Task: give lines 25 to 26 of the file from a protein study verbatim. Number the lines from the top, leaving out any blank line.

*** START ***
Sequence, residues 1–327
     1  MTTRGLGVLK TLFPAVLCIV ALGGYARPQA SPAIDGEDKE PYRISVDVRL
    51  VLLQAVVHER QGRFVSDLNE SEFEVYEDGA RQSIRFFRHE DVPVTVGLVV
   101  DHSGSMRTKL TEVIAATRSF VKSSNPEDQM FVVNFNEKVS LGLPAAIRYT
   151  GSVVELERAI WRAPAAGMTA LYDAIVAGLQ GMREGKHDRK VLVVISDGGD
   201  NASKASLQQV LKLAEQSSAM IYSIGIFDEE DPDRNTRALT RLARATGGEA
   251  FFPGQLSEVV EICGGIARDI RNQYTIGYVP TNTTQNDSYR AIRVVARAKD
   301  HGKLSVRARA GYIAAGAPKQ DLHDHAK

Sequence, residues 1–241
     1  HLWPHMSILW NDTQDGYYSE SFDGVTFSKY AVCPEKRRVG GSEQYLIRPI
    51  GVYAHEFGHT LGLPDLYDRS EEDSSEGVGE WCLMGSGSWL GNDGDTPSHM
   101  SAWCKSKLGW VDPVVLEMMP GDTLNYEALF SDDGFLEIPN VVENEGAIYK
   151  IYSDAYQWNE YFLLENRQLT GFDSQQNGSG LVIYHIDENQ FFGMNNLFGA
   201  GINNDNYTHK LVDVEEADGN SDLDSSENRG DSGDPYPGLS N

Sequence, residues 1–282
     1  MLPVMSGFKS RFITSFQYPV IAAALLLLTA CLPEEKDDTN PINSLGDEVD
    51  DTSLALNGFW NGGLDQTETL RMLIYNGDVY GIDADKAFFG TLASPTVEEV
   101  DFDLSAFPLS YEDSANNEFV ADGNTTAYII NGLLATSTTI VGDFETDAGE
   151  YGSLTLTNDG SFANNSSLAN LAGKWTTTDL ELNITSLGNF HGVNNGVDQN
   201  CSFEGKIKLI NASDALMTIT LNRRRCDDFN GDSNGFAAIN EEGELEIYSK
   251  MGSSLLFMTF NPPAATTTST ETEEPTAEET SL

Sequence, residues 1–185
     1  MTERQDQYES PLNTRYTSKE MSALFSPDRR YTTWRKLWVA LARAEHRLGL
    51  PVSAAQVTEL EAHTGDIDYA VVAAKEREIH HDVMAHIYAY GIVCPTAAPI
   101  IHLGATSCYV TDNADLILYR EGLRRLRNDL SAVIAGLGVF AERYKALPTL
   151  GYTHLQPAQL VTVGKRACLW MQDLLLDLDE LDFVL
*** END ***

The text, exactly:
   101  IHLGATSCYV TDNADLILYR EGLRRLRNDL SAVIAGLGVF AERYKALPTL
   151  GYTHLQPAQL VTVGKRACLW MQDLLLDLDE LDFVL